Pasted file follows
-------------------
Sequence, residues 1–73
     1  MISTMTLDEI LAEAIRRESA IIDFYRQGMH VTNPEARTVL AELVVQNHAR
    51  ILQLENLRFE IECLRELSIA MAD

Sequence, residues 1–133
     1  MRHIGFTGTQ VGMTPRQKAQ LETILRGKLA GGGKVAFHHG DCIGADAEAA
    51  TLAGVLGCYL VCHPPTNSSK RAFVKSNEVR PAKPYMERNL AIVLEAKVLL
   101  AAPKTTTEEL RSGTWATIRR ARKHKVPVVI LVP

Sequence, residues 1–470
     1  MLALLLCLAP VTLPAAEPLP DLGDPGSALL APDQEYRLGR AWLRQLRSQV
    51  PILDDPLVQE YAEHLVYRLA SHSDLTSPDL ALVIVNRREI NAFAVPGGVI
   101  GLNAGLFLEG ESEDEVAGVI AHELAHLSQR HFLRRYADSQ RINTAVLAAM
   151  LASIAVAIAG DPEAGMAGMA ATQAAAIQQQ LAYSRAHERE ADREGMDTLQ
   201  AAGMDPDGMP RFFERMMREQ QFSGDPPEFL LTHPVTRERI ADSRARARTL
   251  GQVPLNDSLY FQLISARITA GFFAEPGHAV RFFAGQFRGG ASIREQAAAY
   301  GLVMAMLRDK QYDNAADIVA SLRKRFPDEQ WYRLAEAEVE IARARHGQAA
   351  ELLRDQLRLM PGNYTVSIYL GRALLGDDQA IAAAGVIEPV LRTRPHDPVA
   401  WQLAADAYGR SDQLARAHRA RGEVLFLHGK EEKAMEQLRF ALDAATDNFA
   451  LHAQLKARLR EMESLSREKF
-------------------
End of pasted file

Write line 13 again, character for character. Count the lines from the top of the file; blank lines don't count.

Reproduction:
   201  AAGMDPDGMP RFFERMMREQ QFSGDPPEFL LTHPVTRERI ADSRARARTL